Pubdate: Thu, 07 Apr 2016
Source: Orange County Register, The (CA)
Copyright: 2016 The Orange County Register
Author: Jenna Chandler


A lawmaker from Stockton wants California to take a radical approach 
to prevent overdose deaths: Give users a clean place and medical 
supervision to shoot up.

Democratic Assemblywoman Susan Talamantes Eggman has introduced a 
bill that would allow local health departments such as the OC Health 
Care Agency to set up "supervised consumption services" in their 
communities, typically places where people bring in drugs they bought 
on the streets and safely ride out their high while monitored by nurses.

"I know when you first hear about it, it's like, 'What? You're 
condoning drug use.' No, we're acknowledging people are dying on the 
streets," Eggman said Tuesday at the Assembly's public safety 
committee hearing in Sacramento. "In the U.S., we have chosen to 
treat addiction from a criminal perspective. It's high time we start 
treating it like a public health issue."

The committee is expected to vote on Assembly Bill 2495 within the 
next couple of weeks, a spokesman for the assemblywoman said.

If approved, the concept is likely to be controversial here. County 
supervisor Andrew Do said Eggman's approach "coddle(s) criminals."

"Drug addicts won't get the treatment they need to straighten out 
their lives if they can shoot up at their neighborhood heroin hangout 
without fear of punishment," he said. "State-sanctioned drug dens are 
dangerous public policy that threatens Orange County's safety."

One of the main objectives of a safe injection site is to give 
addicts access to treatment. Above the injecting rooms at Insite, a 
supervised injection facility in Vancouver that opened in 2003, are 
private bathrooms and mental health workers, counselors, nurses and 
doctors to help with detoxing, and transitional housing and resources 
for users seeking to get clean.

Insite is one of nearly 100 safe injection sites in 66 cities 
worldwide, according to the Drug Policy Alliance; they have operated 
in Europe for more than three decades. There are none in the U.S., 
but movements are underway to open facilities in Seattle and New York City.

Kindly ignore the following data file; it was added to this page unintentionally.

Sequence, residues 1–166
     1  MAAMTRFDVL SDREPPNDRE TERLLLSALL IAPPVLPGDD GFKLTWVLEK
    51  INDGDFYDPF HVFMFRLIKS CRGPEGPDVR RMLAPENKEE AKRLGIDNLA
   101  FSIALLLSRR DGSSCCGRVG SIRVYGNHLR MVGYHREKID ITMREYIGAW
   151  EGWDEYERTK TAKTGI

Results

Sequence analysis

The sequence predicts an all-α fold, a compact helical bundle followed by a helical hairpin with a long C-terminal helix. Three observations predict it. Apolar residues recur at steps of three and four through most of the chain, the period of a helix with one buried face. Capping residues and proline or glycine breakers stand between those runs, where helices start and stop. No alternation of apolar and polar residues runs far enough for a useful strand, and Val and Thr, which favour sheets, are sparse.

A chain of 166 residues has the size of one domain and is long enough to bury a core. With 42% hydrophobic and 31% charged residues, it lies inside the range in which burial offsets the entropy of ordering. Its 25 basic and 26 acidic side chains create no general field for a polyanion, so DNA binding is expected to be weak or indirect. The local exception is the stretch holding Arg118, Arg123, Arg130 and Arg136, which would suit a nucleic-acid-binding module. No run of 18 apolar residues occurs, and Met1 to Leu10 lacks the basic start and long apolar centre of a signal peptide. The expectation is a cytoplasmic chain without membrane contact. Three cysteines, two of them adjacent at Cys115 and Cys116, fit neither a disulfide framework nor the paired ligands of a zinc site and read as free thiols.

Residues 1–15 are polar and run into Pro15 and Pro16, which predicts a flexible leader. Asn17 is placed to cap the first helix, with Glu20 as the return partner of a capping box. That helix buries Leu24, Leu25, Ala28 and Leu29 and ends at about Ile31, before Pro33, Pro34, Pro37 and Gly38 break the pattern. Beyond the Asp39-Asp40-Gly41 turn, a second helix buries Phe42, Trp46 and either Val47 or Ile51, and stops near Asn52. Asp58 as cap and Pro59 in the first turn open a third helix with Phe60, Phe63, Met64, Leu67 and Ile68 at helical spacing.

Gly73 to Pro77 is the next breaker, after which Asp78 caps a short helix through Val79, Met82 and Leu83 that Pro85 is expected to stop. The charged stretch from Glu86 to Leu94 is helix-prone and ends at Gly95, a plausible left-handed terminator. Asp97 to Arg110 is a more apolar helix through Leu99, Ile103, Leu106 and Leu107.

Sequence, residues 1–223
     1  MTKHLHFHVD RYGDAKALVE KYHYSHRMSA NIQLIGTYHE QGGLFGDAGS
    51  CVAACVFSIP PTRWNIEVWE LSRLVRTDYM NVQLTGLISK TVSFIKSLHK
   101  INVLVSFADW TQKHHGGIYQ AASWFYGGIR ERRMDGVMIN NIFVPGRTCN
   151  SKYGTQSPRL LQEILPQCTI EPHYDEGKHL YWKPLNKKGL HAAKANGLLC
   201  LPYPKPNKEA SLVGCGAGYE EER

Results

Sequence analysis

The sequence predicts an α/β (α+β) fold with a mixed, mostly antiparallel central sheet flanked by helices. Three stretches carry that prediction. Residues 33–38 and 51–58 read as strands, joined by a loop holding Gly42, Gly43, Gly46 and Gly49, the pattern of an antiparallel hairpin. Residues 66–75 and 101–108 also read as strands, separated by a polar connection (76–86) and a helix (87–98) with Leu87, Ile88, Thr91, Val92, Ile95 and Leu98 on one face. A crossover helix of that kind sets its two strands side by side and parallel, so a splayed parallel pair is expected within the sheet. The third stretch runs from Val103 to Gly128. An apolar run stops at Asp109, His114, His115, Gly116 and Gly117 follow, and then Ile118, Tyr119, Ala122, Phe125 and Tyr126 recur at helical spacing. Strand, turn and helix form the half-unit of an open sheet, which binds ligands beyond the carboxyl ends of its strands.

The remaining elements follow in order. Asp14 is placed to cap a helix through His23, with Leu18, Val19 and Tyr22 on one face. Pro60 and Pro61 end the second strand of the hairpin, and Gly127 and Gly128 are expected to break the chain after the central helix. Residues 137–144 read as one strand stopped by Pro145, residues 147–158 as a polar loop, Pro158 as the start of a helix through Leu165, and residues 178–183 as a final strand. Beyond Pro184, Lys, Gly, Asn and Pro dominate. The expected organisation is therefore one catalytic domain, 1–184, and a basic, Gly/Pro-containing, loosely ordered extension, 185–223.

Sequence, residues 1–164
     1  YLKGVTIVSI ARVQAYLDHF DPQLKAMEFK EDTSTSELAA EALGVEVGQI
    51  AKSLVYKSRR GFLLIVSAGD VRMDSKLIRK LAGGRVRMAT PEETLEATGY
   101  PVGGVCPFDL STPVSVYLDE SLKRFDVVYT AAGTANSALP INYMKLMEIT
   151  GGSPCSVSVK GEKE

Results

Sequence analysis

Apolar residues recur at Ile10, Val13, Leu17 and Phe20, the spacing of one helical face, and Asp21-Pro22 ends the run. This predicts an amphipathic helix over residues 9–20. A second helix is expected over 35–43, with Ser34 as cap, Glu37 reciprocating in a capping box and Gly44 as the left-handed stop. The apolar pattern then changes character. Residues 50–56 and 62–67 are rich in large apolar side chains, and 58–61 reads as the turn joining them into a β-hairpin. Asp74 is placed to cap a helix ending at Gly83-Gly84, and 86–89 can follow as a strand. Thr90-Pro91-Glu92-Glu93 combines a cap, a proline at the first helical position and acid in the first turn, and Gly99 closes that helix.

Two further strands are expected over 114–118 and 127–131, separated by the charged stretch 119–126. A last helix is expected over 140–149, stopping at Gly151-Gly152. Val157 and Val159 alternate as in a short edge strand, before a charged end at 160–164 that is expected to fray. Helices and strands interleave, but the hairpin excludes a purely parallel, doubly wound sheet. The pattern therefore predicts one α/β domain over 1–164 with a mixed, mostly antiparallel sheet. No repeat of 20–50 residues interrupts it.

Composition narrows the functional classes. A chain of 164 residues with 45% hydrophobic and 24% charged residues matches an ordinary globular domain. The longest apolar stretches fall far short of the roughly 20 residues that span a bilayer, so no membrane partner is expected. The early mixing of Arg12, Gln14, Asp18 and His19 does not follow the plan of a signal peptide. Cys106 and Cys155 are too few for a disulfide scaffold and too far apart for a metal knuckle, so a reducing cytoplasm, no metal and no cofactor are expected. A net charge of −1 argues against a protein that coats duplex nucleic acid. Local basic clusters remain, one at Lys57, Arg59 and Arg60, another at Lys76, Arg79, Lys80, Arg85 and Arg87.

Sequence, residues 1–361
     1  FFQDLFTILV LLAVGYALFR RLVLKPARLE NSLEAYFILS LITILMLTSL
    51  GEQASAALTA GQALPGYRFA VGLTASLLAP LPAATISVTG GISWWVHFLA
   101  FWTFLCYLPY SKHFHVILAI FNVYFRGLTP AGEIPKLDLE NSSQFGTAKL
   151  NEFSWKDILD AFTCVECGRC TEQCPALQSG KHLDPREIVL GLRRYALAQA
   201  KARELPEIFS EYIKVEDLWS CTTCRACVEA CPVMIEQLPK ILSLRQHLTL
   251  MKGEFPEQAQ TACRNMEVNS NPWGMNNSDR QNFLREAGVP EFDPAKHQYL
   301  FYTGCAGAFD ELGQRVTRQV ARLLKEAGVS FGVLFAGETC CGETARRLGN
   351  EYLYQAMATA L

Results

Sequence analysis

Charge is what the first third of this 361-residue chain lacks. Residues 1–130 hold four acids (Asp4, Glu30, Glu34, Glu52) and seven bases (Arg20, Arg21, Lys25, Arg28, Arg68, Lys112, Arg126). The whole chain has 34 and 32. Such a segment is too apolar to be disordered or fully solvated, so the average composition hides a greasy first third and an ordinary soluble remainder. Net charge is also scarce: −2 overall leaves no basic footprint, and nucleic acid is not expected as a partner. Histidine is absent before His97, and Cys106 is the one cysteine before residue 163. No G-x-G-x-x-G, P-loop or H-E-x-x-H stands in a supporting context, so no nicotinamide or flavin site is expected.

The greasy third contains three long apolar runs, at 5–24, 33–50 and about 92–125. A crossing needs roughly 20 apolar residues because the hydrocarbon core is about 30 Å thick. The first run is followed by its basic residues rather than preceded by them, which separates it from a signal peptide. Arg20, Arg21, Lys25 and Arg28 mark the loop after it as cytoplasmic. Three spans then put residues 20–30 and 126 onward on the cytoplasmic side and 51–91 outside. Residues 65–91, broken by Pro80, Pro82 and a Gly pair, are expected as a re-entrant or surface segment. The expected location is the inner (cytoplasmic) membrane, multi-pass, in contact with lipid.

Nurses at such sites drain and bandage abscess wounds and teach users 
safe ways to inject. Staffers hand out sterile injection supplies and 
condoms. They also test for diseases common among drug users who use 
and share contaminated needles. Research has shown the sites help 
keep users out of crowded hospital emergency rooms, lead to treatment 
and thwart overdose deaths.

"It took me a long time to get my head around this," said Canadian 
Sen. Larry Campbell, who has become a champion of the model. "This is 
not condoning drug use in any shape or form. We've had 2,000 
injections since 2003, and not a single person has died."

In that time, Orange County's drug overdose death rate has soared, 
climbing by 61 percent from 2000 to 2012, according to Health Care 
Agency reports. Nearly 400 people died here from drug overdoses last 
year, according to coroner data.

But local officials have been slow to embrace a public health 
approach to the crisis.

There wasn't a needle exchange program in Orange County until 
February. Before it launched, state health officer Dr. Karen Smith 
said there was "significantly less access to sterile syringes in 
Orange County than in other California counties of comparable size."

A grass-roots approach by two moms also has led to the first program 
to distribute naloxone, a fast-acting, easy-to-administer antidote 
for opioid overdoses.

Denise Cullen said she used to give her son, who died after 
overdosing on Xanax and morphine in 2008, clean needles left over 
from a medical condition because she feared he'd contract hepatitis C or HIV.

"We have injection facilities already - they're called the bathrooms 
of McDonald's, gas stations. It's not clean and safe. If they 
overdose, there's no one to help them. What do they do with all the 
syringes? It becomes litter - dangerous litter.

"If there was a safe injection facility here, I'd be driving (my son) 
to it," she said.
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MAP posted-by: Jay Bergstrom